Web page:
6 tips for staying hydrated and cool in hot weather
Fresno is hot – really hot.
The daily temperature hit triple digits on all but one day between July 11 and August 3. Temperatures peaked at 110 degrees on July 17, according to the National Weather Service. August 1 cooled slightly to a high of 98.
When it’s hot in Fresno, people try to cool off by going to the pool, going to a water park, heading to the lake, or to the central coast for the cool ocean breezes. Those who cannot go far seek relief in air-conditioned cinemas, shopping malls or other public spaces. The city of Fresno has cooling centers open for those without air conditioning.
But what happens when you can’t escape the heat?
According to California Department of Public Health.
But the biggest threat to a person’s health can be heatstroke, which can lead to death, said Dr. Scott Sailor, professor of kinesiology at Fresno State’s College of Health and Human Services. He has several years of experience working with football athletes during the summer months.
Heat stroke can damage the kidneys, liver and other organs. If someone has such symptoms, call 911 or cool them down in a cold water bath or shower, Sailor said.
If people are working or participating in outdoor activities in hot weather, they should take a break every 10 to 15 minutes, depending on the intensity of the activity, to shelter from the sun and drink water to stay hydrated. If you’re exhausted, find a shady spot to cool off, Sailor said.
To stay safe in the summer heat, Sailor has six tips for staying hydrated and cool in hot weather.
- Drink lots of fluids. Sailor recommends drinking eight cups of cool water or sports drinks a day. If you don’t like either, drink something water-based like cold green tea or fruit drinks. Avoid caffeine, alcohol or hot drinks and sugary liquids.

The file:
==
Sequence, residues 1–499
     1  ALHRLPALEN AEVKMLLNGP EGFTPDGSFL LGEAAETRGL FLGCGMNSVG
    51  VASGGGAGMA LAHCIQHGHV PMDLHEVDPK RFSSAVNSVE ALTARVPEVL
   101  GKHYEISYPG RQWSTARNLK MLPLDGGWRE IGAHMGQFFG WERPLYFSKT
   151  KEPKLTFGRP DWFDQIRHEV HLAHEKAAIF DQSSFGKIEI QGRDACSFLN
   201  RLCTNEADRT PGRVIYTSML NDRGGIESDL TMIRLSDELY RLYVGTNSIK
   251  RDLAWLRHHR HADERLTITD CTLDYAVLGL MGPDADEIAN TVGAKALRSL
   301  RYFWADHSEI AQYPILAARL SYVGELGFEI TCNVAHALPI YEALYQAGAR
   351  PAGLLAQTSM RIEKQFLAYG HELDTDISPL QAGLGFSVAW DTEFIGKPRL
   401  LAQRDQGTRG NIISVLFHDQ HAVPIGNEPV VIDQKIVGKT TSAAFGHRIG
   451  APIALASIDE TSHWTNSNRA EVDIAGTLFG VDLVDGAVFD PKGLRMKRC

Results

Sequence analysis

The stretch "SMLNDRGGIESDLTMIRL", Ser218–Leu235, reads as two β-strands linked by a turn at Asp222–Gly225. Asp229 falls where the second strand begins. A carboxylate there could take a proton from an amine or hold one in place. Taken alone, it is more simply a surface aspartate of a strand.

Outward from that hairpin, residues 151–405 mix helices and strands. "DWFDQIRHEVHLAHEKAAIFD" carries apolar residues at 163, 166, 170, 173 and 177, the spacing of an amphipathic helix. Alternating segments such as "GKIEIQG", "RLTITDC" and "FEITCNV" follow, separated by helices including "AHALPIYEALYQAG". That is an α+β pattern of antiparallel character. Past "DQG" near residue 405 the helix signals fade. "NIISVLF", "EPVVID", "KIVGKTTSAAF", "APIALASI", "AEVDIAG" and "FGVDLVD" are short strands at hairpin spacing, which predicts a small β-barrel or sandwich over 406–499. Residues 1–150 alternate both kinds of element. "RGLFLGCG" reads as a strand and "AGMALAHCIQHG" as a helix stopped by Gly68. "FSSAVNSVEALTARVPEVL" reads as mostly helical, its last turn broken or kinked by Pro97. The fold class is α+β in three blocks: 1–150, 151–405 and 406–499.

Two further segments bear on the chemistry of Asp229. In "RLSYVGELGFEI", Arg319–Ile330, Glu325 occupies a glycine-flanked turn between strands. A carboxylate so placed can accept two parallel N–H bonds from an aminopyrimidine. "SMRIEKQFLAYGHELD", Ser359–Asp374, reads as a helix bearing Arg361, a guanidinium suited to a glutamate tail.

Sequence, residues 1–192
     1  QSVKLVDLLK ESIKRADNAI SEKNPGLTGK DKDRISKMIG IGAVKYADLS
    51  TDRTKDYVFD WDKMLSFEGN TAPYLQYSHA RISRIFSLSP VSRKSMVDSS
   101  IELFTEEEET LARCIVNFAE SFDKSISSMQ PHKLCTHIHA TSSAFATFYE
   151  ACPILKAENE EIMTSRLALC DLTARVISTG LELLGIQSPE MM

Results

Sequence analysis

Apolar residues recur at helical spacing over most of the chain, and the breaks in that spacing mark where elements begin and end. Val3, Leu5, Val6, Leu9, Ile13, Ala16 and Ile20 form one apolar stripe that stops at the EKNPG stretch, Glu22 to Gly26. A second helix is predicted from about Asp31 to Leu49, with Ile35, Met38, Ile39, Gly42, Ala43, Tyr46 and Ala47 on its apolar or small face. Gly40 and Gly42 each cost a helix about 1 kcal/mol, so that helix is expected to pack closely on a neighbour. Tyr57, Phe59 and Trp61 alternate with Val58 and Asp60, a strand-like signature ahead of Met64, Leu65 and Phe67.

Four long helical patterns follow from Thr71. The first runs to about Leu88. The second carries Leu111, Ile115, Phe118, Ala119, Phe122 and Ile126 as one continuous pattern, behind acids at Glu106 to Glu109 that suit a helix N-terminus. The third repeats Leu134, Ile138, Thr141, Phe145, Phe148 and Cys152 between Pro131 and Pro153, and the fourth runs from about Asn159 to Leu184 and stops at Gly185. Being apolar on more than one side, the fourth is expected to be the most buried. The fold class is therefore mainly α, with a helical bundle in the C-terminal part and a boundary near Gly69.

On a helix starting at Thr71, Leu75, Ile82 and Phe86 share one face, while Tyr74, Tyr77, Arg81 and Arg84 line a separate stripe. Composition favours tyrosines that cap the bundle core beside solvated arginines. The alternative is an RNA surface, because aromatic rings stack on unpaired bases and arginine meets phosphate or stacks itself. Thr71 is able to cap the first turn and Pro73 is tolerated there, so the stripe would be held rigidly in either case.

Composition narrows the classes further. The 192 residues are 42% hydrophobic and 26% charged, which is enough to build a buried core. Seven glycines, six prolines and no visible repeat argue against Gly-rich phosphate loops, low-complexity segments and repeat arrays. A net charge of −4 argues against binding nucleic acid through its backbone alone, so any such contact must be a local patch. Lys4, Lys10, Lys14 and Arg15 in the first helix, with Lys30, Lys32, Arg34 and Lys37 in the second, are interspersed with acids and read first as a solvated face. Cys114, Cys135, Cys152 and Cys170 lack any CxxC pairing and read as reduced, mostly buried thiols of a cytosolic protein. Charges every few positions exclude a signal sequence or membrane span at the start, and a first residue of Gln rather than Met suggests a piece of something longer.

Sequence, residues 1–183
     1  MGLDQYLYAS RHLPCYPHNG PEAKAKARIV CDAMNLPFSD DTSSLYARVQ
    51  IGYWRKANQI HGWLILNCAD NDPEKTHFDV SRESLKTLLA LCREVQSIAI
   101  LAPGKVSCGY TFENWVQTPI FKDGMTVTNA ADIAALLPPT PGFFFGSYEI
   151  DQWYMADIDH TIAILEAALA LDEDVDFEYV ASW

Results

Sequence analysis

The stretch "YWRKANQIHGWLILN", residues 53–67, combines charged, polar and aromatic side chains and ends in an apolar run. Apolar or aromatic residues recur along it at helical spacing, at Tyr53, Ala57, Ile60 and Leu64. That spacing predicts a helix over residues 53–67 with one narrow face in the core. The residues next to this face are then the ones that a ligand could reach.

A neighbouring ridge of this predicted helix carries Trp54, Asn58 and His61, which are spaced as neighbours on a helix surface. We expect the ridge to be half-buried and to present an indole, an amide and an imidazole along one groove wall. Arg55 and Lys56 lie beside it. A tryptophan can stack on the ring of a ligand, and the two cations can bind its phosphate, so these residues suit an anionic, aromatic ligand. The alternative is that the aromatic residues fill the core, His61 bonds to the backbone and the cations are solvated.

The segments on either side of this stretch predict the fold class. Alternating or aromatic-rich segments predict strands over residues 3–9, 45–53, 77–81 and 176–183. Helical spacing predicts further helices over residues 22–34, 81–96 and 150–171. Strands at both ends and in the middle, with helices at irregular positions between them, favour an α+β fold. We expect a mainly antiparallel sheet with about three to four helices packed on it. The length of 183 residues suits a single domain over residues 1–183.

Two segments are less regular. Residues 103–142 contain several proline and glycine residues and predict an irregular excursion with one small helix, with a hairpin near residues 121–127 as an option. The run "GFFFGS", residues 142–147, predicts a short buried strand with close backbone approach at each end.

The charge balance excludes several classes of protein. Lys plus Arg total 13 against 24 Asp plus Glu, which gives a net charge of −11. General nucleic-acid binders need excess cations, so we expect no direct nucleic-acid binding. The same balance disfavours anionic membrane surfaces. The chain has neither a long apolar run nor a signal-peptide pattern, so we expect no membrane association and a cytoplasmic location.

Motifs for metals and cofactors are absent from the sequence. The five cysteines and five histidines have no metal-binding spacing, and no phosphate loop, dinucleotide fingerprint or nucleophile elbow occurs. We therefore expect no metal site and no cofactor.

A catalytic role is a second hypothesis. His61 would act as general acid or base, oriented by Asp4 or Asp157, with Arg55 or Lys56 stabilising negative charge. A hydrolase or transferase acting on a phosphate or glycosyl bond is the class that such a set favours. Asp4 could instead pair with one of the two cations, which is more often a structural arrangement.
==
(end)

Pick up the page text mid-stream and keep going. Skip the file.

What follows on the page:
- Eat water-rich foods. Eating is a great way to stay hydrated with foods that contain water, such as fruits and vegetables. “It’s making sure you’re consuming food that also helps keep you hydrated. It’s not just about drinking water or drinking electrolytes,” Sailor said. One might consider weighing oneself to see if there is any noticeable weight loss during a series of hot days. “For example, if you weighed yourself one day and the next day you arrive and you’re three or four pounds lighter, that’s probably telling you that you need to consume close to three or four pounds of fluid to maintain your levels of fluid. hydration,” he said.
- Wear light clothing. Having light-colored clothing or short-sleeved shirts helps keep you cool from the heat. Heavy, dark clothing can absorb light, causing you to warm up more. Those who work outdoors may want to wear long sleeves and cotton or breathable pants. Fabrics like this allow sweat that builds up to evaporate and cool us down, Sailor said.
- Go out in the morning or in the evening. The best time to go out is in the morning or evening as it is cooler. If you plan to participate in outdoor activities or work outdoors, adjust to the heat daily, Sailor said. “Over a period of a week or two, we have to spend more and more time in the heat,” Sailor said. “Once we do that, our bodies will be prepared for the heat.” But people have to keep their pace and take a break if it gets too hot.
- Go to an air-conditioned place. Being indoors can help people cool off from the heat with air conditioning. Those without air conditioning can go to a cooling center. The City of Fresno, City of Clovis, and other municipalities have multiple locations. When getting into a hot car, first open the windows for a few minutes. Turn on the air conditioning with the windows open so the hot air can escape. Close the windows after the hot air is exhausted. Sailor recommends parking in the shade and installing a windshield on the front window so the car doesn’t get too hot.
- Have a boyfriend. Have a buddy system to take care of each other when active in the heat. Sailor said the buddy system is ideal for those who work outdoors or participate in outdoor activities. Check each other. If you notice any signs of heat issues like dizziness, stumbling, or confusion, get out of the heat and call 911.
(Written by Ramon Castaños, student intern in university communication)